Michele: Absolutely. This new space provides us so much opportunity. We can really take what we’re doing to the next level. Some of our exhibits will be the same, but we’ll have a set of new exhibits in there as well. We’ll have a bigger space for young children, the 2 and under crowd. We’ll have two classrooms instead of one. We’ve been listening to a lot of what visitors have been saying. What they like and what they want more of, including parking; we’ll have that too.

Mimi: Well, that makes sense. What is the most popular thing in the existing space and how will it change in the new space?

Michele: That’s a really hard question to answer because we have some visitors who come every single week. And we see, for example, we’ve got a group of maybe 3- to 6-year-olds that every time they walk in the building they go to the same set of exhibits. 

Mimi: Which exhibits would that be?

Michele: There’s a roller-coaster exhibit where you can put the pieces together to build a loop or a turn and then you roll a ball bearing down. It’s hard to say which one is the most popular. The maker space has been really popular because it gives kids a way to craft. They’re given a challenge to design something that floats or spins, and then they’re given recycled materials. Kids walk in, they look at the challenge and the materials, and start building. They don’t hesitate.

Mimi: Who’s the best builder?

Michele: I’d say it starts around 7 years old. They have a grasp on how materials work and what it takes to stick them together and stand them up.

Mimi: Tell me the kinds of new exhibits that will be in the new place.

Michele: We will have a section of the museum that’ll really focus on art and design. That’ll include the maker space, where kids get a chance to innovate and invent. We’ll have an area that’ll let kids explore art and then take what they learn there into the maker space and create art of their own. We’ll have an invention bench that will have tasks that kids can try. And then we’ll have weather exhibits as another central part of the museum.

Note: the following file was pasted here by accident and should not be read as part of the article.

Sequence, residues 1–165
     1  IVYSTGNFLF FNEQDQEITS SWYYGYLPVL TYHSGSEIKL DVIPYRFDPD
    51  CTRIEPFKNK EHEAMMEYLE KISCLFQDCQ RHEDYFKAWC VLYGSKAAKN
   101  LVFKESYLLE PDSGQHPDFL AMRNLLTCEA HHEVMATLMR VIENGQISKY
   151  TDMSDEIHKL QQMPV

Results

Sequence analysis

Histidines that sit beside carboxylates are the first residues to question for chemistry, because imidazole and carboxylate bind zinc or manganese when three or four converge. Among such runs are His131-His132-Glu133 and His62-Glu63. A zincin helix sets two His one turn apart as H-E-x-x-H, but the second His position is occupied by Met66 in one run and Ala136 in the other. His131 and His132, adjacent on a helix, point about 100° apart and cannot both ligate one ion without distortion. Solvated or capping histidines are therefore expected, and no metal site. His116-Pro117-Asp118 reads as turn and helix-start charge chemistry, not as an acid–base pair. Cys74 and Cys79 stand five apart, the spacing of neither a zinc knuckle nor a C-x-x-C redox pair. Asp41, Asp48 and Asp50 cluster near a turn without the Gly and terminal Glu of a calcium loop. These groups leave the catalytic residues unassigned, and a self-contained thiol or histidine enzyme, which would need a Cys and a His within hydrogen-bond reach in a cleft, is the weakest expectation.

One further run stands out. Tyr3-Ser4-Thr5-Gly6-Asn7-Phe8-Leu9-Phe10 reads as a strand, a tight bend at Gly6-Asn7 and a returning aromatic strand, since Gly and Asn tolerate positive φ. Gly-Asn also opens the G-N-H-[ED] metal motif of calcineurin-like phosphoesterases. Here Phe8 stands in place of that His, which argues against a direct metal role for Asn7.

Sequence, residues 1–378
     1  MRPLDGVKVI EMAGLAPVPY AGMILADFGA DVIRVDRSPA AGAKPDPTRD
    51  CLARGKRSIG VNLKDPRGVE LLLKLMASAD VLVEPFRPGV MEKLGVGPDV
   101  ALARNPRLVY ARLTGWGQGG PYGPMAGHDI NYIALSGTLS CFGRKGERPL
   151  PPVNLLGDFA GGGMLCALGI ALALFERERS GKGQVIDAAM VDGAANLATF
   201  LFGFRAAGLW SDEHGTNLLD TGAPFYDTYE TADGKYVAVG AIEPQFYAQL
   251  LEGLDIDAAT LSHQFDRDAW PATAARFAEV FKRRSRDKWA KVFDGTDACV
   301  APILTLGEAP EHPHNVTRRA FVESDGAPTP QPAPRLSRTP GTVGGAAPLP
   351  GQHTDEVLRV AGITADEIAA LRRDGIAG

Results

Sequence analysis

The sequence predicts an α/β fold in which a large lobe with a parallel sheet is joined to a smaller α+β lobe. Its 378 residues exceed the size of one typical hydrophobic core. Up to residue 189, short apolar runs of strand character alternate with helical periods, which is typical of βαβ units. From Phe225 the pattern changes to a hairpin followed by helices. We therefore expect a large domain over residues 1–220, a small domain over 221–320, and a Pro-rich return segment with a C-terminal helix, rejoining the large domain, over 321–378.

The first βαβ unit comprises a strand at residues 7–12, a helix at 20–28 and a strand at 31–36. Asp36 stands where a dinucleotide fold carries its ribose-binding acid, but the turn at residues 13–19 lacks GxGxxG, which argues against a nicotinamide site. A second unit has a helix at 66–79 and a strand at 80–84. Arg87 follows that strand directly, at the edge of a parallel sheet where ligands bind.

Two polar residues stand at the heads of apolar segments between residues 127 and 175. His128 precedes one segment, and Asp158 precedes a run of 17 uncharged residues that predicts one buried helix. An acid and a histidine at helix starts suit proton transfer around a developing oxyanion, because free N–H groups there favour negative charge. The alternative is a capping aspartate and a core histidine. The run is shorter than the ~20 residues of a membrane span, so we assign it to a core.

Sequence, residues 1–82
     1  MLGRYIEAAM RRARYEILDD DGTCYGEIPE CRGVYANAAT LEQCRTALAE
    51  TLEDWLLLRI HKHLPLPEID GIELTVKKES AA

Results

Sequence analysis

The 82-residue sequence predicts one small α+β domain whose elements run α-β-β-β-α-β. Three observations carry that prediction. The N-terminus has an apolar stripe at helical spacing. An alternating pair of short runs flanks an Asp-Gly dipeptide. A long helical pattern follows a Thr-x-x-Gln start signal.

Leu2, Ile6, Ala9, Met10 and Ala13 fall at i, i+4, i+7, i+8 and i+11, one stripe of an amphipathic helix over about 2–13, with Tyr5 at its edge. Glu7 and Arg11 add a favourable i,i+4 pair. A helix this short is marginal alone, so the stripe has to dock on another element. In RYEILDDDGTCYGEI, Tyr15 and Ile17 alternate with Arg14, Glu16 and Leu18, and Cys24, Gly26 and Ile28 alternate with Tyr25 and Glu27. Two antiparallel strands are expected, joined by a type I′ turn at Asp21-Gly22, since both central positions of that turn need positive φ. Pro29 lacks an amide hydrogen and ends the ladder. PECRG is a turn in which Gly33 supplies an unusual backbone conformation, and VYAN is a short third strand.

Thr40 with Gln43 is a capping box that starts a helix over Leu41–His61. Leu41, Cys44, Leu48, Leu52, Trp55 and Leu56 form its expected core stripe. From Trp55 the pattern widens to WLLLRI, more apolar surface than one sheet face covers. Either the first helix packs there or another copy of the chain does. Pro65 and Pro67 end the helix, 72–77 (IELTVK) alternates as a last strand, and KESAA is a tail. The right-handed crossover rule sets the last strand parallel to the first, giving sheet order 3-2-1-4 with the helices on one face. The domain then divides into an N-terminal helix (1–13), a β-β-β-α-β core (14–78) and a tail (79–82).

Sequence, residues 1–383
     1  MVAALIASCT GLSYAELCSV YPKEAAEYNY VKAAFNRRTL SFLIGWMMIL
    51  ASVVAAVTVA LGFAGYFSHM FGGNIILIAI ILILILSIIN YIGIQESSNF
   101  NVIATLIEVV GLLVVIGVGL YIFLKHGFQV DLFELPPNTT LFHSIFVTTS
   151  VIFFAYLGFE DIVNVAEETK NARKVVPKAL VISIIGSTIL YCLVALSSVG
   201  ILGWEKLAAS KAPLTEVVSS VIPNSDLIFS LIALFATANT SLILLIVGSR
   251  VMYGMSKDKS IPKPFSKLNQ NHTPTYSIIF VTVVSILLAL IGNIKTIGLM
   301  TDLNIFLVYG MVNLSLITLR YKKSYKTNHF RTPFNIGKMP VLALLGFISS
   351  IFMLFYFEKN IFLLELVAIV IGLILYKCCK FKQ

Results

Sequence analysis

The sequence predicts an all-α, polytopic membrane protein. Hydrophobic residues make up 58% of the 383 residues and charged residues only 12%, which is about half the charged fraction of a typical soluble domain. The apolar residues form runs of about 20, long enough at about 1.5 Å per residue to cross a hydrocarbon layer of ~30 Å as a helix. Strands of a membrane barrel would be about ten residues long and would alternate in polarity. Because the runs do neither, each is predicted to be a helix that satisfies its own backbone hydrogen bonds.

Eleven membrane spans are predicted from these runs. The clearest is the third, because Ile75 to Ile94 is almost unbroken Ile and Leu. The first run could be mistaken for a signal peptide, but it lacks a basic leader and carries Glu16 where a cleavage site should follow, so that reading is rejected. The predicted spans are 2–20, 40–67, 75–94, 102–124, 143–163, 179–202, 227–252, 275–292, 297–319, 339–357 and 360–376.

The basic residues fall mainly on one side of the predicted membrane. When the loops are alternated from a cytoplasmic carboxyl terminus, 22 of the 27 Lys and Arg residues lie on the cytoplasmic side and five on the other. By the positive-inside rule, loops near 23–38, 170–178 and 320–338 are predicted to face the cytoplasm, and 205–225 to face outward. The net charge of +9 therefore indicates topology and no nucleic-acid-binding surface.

Mimi: AccuWeather has been an important piece from the beginning.

Michele: They’ve been a partner since the beginning for sure. They will be represented in the space with the exhibits they’ve given to us. Music is another area that’ll be represented well. We’re designing that space now. We have some musical exhibits already. We have a heartbeat drum, for example. You put your hands on the sensor and as soon as it senses your heartbeat, the drum beats at the same rate so kids can do jumping jacks and see that it goes faster. We have an air harp. You can’t see the strings because they’re just made up of light. But, if you put your hands over the sensor you can play the harp.

Mimi: Who do you get to advise you on something like that? I would have absolutely not known where to begin.

Michele: We are lucky because we have a lot of community volunteers and partnerships at Penn State that we can leverage expertise. And then there is a whole field of museums willing to help other museums with ideas and new ways of doing things.

Mimi: To me, you are a person who will make things happen.

Michele: I cannot tell you how much I love watching kids walk in and — they don’t articulate in the same way adults would — but they’re learning from every single thing they do. They walk in and spend about 1 second at 15 exhibits in a row, and then they slow down. So, they look chaotic at first but that’s part of their learning experience.

Mimi: Do they ask a lot of questions?

Michele: They do. But they don’t ask how to do it, they have already figured out in their head how they want to do it.

Mimi: OK, but what are the kinds of questions they ask?

Michele: Sometimes, the best part is watching them ask their parents, maybe they’re building something and giving their parent orders on how to do it and what to try next, which is always exciting. Sometimes, they ask questions that we don’t expect. We have a computer simulation exhibit where you can jump on a planet. You choose the planet you want to jump on. Jupiter, for example, has a lot of mass and therefore a stronger gravity than Earth. So, even if you jump really high, you don’t go very high. The computer screen shows you jumped really low and really fast. And then shows you what you would’ve jumped over on this planet, like a lady bug, for example. Whereas, Pluto, you can jump over a fire truck.